FILM REVIEW - THE LOBSTER
Directed by Yorgos Lanthimos.
Starring Colin Farrell, Rachel Weisz, Ben Whishaw.
A warped mirror held up to the banality of existence.
Those familiar with the work of Yorgos Lanthimos, pioneer of the Greek weird wave, are unlikely to be fooled by the current marketing campaign suggesting that The Lobster is a black comedy. But anyone expecting a version of Logan’s Run (1976) with jokes is likely to be either disappointed or mildly traumatised.
The Lobster is a hard sell. Lanthimos presents an absurdist vision of reality where nameless singletons are forced to find a mate within forty five days, after which they are transformed into an animal of their choosing. It’s impossible to describe without using the term, Kafkaesque.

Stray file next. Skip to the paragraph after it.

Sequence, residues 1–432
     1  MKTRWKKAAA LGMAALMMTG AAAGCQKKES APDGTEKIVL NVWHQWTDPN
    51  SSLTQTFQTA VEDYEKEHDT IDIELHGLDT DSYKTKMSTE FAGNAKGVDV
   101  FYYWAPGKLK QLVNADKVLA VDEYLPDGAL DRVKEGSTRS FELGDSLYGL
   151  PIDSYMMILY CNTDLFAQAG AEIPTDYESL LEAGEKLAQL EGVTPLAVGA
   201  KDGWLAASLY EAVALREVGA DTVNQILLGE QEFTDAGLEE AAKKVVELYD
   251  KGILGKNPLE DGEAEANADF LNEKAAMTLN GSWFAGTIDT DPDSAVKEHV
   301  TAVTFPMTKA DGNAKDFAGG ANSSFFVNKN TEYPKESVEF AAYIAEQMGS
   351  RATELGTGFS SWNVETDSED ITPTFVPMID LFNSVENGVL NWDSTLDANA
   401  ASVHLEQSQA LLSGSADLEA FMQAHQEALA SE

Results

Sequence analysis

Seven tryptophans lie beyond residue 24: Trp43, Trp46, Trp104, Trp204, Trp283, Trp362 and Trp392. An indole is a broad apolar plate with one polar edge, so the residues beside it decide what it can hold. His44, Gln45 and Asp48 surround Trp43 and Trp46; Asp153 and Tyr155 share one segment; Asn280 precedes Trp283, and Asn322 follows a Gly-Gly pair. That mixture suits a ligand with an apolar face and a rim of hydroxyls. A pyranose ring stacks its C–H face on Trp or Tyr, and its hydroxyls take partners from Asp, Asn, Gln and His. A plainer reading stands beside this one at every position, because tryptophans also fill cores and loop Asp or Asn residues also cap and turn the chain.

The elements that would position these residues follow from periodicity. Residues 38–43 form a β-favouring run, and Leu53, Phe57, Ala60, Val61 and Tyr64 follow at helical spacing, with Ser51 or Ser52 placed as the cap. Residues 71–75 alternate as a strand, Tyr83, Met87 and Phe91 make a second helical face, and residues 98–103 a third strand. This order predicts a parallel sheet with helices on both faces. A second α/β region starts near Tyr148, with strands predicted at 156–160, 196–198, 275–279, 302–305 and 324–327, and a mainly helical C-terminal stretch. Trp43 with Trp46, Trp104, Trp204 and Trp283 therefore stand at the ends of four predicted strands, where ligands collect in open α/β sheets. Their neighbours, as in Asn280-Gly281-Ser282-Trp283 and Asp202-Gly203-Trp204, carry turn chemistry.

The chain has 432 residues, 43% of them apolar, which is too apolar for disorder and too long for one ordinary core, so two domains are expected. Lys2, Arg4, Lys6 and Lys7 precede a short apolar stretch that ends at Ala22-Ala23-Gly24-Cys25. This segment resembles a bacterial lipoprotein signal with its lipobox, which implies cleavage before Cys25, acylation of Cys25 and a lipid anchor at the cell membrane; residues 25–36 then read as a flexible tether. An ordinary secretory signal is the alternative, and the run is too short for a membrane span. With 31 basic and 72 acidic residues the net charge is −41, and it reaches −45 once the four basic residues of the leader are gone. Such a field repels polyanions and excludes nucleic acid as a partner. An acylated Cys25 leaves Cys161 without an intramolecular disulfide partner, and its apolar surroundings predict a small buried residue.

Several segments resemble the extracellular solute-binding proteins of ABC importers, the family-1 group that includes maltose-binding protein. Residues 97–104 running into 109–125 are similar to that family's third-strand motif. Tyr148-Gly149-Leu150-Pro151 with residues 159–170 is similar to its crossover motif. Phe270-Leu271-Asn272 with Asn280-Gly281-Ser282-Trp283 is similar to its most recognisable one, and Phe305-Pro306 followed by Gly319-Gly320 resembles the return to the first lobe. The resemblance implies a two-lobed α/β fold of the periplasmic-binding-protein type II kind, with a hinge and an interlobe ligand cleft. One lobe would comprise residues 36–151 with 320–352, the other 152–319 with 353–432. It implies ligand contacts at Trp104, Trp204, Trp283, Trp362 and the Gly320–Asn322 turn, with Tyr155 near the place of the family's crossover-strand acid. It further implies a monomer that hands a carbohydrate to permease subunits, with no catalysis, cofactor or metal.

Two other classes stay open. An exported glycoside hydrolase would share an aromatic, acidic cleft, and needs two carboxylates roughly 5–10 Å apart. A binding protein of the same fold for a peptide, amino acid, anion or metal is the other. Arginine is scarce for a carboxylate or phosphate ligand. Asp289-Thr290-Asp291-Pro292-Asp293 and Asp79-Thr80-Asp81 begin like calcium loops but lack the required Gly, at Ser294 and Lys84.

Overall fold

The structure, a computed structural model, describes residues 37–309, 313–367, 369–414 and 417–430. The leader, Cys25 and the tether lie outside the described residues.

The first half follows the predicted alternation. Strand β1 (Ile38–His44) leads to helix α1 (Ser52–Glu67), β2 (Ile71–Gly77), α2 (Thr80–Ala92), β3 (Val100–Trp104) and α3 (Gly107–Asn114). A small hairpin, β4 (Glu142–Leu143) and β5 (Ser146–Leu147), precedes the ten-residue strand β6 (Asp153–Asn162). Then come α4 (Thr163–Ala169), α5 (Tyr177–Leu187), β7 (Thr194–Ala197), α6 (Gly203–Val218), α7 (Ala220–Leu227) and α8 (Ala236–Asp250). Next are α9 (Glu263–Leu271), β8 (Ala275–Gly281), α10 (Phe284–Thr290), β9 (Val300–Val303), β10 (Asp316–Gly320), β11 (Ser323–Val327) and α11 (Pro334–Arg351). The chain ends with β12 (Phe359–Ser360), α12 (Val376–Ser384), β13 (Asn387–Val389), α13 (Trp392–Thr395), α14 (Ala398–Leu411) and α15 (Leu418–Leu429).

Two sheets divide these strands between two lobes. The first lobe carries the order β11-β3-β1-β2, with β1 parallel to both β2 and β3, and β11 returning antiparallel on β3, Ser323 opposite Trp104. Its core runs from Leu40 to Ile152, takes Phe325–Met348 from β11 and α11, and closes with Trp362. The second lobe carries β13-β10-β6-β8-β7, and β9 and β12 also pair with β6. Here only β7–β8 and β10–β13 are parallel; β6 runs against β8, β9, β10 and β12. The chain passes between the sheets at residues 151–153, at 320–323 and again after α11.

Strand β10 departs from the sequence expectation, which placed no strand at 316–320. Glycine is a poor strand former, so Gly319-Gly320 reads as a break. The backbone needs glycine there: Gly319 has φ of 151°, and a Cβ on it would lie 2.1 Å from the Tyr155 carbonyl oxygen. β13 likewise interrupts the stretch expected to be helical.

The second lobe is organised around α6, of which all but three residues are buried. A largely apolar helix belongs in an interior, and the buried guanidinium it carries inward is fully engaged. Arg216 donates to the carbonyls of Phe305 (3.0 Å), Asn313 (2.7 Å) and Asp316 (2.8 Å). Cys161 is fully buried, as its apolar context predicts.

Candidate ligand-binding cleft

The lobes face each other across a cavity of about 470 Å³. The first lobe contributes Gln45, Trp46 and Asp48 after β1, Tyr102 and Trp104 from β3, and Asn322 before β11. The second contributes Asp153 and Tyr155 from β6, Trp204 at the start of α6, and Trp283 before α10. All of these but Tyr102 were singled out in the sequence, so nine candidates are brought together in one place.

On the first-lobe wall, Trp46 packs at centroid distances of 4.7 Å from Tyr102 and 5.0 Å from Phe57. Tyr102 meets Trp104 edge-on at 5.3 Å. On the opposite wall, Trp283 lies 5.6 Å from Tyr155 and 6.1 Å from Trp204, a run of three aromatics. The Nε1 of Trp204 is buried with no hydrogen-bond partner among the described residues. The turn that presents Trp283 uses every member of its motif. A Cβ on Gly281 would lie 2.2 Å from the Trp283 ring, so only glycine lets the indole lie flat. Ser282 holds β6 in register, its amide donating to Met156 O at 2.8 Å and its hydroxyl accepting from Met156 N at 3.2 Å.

At its best, The Lobster is a warped mirror held up to the banality of existence. It reflects the universal truths that we all suspect but don’t say out loud; single people are looked down on, everything is easier for couples, and children are often used as a temporary solution to irreconcilable problems.
At its worst it’s a gruelling exercise in endurance, offering a thought-provoking but fairly grim vision with moments of extreme violence. Its value lies in the discussions it will provoke rather than as a source of escapism.
Much respect to Colin Farrell for choosing the road less travelled. If he keeps this up, the rest of his career will be extraordinary.